The purpose of this blog is to share ideas for creating a classroom that is inspired but uses little cash. Obviously teachers don’t go into the profession because they have a desire to earn tons of money. That’s why I think it is so helpful to share ideas about classrooms and how to live a life that fully utilizes the income we do earn. Sshare ideas too. You can call me Mrs. Prudent Classroom
In order to growing food frugally, it’s important to think about how much the inputs are costing you versus the benefits you are receiving. For me, the cost/benefit ratio of buying organic food in a supermarket has never been high enough to justify doing so.
Among the investments I’m making this year to the edible landscaping are old fashioned roses that have the added benefit of producing hips. Rose hips were used in England during world war II as a source of vitamin C. Oranges and lemons were difficult to find or afford during the war years. I’ve read that boy scouts were asked by the government to collected rose hips to be made into a syrup which was bottled and used medicinally.
The current recommended daily allowance of Vitamin C for men is 90 mg per day and for women: 75 mg per day. Your body can’t store vitamin C so it’s important to ingest some every day. According to the NYTimes, this important vitamin is needed :
… to form collagen, an important protein used to make skin, scar tissue, tendons, ligaments, and blood vessels. Vitamin C is essential for the healing of wounds, and for the repair and maintenance of cartilage, bones, and teeth.
I’m looking at ordering “Dortmund” or “Hansa” roses to scramble up my trellis and shade my house in the summer. Their rose hips, with between 1700 to 2000 mgs.of vitamin C, outpace citrus fruits in terms of vitamin C production. Hips also contain vitamins A, D and E, anti-oxidents and flavinoids.
Here is some further information from the American Rose Society regarding the healthful hips:
“Fresh hips from R. canina were used as a diuretic, as a coolant, and a mild astringent. Both leaves and hips were used for infusions or tea. The hips from R. pomifera were made into preserves and also into a drink. It was very popular in certain areas of Austria and Bavaria. R. roxburghii hips were used by the Chinese to aid against indigestion and the Ainu in Japan ate the hips of R. rugosa.”
My plan is to use the hips in tea in the winter to give us a boost in vitamin C—thus keeping us healthier and keeping us warmer while we set our thermostat lower.
If you try this at home: please remember to check that harmful sprays were not used on the roses. Since I garden organically, this is not a problem.
In sum, I hope to have most of our nutritional needs provided for on the property before we retire. That’s my little bit of insurance and reassurance come what may. One of the best ways to be frugal is to be healthy.
· If you are paying for extra cable channels AND a service like Netflicks, perhaps you are paying twice for the same enjoyment. Consider getting rid of one (or more if you are really indulgent). If it were up to me, I’d ditch cable altogether and watch things on youtube and hulu.com. I find enough to keep me busy at the latter which is an ad-supported streaming video of TV shows and movies from NBC, FOX and many other networks and studios.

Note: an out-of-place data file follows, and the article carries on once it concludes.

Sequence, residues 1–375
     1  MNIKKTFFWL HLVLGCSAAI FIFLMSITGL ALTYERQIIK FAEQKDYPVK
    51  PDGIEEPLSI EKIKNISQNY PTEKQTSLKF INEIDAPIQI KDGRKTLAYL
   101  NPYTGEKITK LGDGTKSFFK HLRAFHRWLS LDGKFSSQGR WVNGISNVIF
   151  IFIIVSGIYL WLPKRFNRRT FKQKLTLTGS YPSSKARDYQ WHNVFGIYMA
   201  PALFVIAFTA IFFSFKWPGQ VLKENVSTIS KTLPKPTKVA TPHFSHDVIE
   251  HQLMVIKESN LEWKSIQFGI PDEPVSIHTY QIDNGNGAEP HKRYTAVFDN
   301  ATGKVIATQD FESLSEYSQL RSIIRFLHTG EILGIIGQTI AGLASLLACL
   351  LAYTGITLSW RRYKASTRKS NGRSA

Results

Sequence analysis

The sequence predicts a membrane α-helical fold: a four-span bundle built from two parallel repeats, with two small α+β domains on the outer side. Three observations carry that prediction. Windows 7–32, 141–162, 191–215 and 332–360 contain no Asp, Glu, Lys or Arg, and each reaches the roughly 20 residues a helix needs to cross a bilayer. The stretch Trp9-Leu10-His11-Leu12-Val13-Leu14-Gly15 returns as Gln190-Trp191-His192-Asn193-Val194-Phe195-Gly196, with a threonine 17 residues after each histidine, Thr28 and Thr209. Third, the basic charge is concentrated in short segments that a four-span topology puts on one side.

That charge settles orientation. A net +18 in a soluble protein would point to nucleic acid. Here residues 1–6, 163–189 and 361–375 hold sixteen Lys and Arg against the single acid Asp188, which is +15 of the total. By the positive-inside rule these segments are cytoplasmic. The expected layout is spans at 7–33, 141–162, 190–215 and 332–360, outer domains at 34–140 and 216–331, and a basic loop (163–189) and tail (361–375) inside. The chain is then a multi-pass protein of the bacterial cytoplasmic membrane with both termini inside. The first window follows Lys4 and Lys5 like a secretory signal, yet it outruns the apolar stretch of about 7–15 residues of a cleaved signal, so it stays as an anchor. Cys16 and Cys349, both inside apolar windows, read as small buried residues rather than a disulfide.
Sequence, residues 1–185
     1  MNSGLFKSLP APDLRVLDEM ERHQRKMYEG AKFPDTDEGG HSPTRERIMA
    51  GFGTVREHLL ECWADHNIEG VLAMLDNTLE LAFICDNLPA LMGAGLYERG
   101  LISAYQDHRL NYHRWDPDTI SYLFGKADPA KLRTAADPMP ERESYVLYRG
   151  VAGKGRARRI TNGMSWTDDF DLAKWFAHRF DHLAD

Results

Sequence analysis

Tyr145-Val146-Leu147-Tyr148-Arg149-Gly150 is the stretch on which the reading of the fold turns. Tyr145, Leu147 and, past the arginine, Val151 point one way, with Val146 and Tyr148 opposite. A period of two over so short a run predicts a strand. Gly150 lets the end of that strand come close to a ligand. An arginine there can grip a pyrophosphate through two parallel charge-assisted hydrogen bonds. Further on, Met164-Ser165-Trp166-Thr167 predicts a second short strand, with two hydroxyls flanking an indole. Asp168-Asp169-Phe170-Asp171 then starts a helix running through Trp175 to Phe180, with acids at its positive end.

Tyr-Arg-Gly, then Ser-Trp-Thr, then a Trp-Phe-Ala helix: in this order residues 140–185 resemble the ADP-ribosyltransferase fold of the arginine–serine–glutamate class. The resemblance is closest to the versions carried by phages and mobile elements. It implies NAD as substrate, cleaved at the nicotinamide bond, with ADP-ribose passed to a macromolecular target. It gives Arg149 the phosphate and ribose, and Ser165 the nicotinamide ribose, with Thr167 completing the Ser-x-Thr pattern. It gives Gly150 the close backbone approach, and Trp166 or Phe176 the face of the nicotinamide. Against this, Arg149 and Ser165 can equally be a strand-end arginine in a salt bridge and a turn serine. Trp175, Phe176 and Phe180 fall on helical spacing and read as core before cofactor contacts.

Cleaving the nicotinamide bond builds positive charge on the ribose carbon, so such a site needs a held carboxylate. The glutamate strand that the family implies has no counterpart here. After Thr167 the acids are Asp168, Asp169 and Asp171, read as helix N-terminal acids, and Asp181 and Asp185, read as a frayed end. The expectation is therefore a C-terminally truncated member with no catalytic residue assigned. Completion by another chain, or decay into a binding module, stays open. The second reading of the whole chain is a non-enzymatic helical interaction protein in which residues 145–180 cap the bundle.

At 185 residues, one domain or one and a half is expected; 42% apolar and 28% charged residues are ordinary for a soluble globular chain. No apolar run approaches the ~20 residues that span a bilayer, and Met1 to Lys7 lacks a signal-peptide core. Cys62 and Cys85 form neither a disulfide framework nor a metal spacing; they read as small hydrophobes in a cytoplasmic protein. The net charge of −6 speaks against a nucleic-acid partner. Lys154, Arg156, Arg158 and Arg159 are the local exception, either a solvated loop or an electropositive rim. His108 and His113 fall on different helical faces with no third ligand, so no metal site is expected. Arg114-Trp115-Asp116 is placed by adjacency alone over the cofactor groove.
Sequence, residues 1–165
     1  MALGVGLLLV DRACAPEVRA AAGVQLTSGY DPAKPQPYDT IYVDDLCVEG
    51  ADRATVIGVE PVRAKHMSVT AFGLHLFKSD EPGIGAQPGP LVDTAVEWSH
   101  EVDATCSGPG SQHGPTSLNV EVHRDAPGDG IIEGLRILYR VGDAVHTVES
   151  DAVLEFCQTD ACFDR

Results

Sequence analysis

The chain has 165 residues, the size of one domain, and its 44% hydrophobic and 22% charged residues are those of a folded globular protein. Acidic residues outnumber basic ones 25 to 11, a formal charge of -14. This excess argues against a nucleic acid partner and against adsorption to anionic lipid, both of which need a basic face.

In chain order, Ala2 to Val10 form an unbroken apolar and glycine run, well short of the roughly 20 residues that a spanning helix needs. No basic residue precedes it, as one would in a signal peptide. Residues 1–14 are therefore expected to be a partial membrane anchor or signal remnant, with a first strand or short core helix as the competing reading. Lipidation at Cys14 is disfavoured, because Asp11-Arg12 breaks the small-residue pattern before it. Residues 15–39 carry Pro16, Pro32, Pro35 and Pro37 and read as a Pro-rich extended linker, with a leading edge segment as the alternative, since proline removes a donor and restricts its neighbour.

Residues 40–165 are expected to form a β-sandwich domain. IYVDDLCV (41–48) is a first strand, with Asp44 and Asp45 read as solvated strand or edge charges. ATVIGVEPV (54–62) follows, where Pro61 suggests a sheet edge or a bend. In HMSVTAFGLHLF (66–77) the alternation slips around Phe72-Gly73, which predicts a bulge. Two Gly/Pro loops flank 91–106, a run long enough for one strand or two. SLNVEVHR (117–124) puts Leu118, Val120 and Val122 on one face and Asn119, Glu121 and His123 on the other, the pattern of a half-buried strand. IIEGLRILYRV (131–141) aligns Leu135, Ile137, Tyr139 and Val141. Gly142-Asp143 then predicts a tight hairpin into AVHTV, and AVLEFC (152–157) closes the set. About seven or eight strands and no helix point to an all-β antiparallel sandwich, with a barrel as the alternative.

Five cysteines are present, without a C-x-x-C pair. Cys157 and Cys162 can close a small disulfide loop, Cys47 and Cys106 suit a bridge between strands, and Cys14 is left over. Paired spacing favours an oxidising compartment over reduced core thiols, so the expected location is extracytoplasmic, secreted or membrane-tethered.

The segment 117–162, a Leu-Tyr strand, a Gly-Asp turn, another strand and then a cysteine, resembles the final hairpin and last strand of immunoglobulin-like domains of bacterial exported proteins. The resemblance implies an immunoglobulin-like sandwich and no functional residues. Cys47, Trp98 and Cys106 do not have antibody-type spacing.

· One frugal thing I do is buy clothes that can be washed by me—I hate paying money to a dry cleaners. I handwash delicates and have even washed my husband’s suits and pressed them myself –although I DO generally pay for suits and coats to be cleaned. I do know I’ve saved tons over the years on this one item
· Speaking of clothes, I am terrible about staining the front (ok, sides, back, sleeves) of my clothes. I keep a lot of white and beige tops that go with anything in my mix and match wardrobe, but It’s hard to find these. When I see white or beige tops on sale I buy four.
· I bought small fancy flavored coffee grounds for holiday gifts and saved back a few for me. I add a couple tablespoons to my sale coffee and spread the luxury a little.
· The FDIC has a nice publication called Practical Advice for Everyone on How to Save and Manage Money
· Gardenweb has many great forums, but my favorite is the frugal gardening forum. Here is a link to what these folks think are their best frugal gardening tips.
· I’ve had good experiences buying contact lenses online with http://www.1800contacts.com/ While my eye doctor’s office has rebates, they are a hassle and nowhere near the savings I get online. The online service beats *mart prices even.
· One of the ways that I have saved money over the years is to have a homesteading mindset. You can do this in the middle of the city and on a little acreage. I could say more but there are some nice explanations and links here:
· Even if you live in a first floor apartment with a patio you can have a garden.
You should have guessed by now that I’m the kind of person who picks up every penny I see on the ground. And from the last post, you should know that I accept any and all things people are getting rid of. If I can’t use it, I find someone who can or donate it to goodwill where the donation keeps on giving.
The other day I’d found a dime on the floor while running to the office during my planning period. I held it up to the Janitor (a fellow frugalist) and he said, Big deal! I pick up all kinds of money all day long in these hallways. Kids are notorious for not paying attention to what falls out of their pockets.